Until today, I was totally unaware of du options --all (-a), --one-file-system (-x), and --separate-dirs (-S). All I had done with it before was du -sh, occasionally, du -h --max-depth=1.

That’s all I knew about du. If I’d need to list the files by the file size, then I’d use find with -printf '%s %p\n' like in this thread. I had no idea you could use du for files, I always thought it was only for directories.

After read the first reply and the manpage, I now know I could just run:

du -axS | sort -h | tail

But it’s not perfect because we most likely would only be interested in files, not directories; unfortunately, du can not filter out directories for you. As a matter of fact, we use -a to include files at first place. Also note that -S is a crucial option, without it upper directory’s size will include sizes of sub-directories’ sizes, not just the files reside directly under it.

Even though it includes directories, the one-liner is good enough for me, or you can have the following one if you insist to have directories excluded:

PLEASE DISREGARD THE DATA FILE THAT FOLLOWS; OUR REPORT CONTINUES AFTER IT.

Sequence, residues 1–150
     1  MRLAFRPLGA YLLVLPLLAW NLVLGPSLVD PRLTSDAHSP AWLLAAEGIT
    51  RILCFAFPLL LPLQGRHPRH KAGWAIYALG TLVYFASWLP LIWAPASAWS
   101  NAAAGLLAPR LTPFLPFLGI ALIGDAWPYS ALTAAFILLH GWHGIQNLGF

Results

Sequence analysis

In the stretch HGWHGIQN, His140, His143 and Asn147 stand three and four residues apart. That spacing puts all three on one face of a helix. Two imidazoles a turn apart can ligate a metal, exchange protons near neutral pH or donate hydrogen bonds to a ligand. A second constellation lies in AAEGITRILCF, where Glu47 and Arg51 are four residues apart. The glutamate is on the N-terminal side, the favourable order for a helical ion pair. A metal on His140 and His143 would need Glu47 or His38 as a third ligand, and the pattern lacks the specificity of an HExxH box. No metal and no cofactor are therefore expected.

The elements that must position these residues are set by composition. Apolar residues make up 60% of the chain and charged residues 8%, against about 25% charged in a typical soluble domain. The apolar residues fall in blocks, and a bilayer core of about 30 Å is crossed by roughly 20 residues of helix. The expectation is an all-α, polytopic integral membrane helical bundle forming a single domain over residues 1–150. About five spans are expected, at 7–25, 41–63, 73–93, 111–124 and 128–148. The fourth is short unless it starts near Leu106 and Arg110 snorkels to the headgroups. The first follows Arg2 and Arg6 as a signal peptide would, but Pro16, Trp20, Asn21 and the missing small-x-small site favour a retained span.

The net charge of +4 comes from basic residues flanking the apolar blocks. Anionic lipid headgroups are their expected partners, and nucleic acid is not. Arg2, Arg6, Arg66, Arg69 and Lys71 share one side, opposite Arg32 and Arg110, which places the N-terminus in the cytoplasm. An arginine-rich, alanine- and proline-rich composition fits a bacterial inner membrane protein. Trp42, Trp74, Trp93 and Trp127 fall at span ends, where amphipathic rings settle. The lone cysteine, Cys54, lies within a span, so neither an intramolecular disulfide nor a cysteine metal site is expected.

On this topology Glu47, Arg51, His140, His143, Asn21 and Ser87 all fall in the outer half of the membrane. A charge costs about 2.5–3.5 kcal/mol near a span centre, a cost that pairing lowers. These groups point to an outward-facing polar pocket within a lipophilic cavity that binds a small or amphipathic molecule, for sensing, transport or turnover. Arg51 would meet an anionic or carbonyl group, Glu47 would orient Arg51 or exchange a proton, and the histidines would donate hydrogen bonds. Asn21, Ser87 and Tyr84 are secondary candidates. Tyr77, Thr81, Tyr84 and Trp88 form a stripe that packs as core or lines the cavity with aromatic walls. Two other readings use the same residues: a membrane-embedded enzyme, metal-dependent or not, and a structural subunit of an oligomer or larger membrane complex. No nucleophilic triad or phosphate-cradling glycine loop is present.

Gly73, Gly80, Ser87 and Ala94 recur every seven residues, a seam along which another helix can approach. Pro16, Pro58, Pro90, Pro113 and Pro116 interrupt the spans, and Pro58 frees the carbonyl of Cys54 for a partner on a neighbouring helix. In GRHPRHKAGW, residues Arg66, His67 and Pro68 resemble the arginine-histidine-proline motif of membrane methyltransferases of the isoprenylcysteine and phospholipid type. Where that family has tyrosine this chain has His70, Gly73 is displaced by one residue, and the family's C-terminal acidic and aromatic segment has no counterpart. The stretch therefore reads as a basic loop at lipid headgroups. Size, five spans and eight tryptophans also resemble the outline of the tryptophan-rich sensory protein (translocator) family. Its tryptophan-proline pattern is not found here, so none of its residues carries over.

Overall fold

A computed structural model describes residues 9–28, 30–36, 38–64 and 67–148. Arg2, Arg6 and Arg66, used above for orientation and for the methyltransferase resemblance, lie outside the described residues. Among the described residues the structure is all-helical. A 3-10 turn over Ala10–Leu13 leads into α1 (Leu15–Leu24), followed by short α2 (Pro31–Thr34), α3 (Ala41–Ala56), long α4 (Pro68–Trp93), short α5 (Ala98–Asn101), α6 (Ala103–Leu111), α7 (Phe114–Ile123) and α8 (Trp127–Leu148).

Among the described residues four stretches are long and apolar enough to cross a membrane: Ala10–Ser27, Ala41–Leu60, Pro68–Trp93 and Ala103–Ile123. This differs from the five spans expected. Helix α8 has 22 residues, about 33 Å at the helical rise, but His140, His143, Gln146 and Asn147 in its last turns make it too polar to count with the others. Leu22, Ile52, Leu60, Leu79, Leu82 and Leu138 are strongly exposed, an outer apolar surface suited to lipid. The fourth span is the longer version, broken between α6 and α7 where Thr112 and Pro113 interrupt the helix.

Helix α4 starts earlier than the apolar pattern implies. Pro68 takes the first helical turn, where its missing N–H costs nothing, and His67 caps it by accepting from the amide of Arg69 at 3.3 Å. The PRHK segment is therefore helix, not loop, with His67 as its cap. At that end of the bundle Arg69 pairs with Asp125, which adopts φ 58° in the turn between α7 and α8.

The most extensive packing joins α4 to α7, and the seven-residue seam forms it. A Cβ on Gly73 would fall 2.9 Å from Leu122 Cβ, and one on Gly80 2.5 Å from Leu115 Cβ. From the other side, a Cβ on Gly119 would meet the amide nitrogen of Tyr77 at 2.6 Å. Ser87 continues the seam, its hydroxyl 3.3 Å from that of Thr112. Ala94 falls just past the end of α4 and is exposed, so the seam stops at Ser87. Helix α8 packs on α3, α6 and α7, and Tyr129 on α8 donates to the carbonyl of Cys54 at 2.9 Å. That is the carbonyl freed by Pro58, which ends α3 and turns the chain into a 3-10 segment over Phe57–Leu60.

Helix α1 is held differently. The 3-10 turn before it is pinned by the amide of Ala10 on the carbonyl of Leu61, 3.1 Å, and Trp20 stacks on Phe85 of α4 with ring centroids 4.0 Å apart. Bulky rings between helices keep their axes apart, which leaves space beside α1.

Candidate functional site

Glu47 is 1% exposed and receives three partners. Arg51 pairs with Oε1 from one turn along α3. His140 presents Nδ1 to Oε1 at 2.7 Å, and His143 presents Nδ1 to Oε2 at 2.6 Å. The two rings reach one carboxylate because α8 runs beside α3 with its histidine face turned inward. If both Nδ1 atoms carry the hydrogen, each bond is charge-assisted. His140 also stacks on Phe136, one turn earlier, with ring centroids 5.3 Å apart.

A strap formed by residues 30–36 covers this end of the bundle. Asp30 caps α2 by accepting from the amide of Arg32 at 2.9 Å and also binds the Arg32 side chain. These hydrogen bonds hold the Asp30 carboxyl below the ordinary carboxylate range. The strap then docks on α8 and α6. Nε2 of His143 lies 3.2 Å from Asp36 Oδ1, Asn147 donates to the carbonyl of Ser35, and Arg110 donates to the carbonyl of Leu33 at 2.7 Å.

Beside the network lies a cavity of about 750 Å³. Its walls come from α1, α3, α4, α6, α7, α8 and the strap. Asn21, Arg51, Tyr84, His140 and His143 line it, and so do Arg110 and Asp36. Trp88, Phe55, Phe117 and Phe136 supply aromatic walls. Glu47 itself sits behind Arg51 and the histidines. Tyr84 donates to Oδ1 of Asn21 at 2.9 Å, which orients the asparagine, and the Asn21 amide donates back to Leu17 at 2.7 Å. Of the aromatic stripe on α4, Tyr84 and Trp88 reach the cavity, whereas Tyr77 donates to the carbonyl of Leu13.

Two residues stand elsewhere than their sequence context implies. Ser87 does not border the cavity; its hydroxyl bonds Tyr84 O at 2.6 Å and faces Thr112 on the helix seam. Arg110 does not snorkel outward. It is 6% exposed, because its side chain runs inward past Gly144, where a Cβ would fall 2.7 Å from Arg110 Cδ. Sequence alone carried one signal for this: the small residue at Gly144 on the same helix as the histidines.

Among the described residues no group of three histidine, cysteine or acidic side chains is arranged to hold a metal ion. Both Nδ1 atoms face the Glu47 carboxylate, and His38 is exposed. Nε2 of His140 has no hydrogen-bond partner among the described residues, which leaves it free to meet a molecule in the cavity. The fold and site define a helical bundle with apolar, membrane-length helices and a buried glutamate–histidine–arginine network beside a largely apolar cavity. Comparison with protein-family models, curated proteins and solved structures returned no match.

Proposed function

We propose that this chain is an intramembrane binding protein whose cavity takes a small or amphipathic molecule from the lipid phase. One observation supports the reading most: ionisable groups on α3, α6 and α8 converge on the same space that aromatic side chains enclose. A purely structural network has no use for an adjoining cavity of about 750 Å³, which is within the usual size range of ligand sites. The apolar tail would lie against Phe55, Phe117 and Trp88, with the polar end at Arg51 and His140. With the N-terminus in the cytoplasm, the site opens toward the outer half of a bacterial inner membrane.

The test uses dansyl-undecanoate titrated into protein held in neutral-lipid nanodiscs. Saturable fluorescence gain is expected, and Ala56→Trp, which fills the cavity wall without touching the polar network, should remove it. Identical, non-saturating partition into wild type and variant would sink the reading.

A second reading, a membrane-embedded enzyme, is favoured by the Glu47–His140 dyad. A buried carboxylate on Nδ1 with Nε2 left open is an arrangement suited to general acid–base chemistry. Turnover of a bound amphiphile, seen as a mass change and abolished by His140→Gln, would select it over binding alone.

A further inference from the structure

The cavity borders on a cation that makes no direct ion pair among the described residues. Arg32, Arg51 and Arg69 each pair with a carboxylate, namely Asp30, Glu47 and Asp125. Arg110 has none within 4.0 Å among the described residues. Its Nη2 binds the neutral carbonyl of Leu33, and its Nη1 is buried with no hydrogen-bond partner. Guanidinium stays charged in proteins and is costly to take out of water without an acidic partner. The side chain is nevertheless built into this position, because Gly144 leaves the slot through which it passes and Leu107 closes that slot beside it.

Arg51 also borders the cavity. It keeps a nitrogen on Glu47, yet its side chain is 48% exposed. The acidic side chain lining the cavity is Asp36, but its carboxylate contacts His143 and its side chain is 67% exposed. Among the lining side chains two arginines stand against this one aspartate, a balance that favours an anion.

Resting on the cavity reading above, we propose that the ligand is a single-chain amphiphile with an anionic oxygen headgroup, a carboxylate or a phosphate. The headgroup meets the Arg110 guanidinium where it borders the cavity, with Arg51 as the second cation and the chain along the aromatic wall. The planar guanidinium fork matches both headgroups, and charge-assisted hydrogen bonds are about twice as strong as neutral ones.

find -type f -printf '%s %p\n' |
sort --numeric-sort |
tail |
while read size path; do
  S=$((size/1024/1024))
  if ((S)); then
    echo ${S}MB $path
  else
    S=$((size/1024))
    if ((S)); then
      echo ${S}KB $path
    else
      echo ${size}B $path
    fi
  fi
done

or a simplier version since we are looking for largest files:

find -type f -printf '%s %p\n' |
sort --numeric-sort |
tail |
while read size path; do
  echo $((size/1024/1024))MB $path
done

I’ve replied with multiple options and simple runtime comparison to that thread.

You always can learn a few things about using commands, and it seems to be impossible to use a Unix-like command to its full potential in my opinion. You know the knowledge of those commands have been written for very long time, only no one really RTFM. Every time I read a manpage, I always learn something I didn’t know not something new, and for what I’ve just learnt, they may not be the reason of why I read manpage. manpage is full of surprises.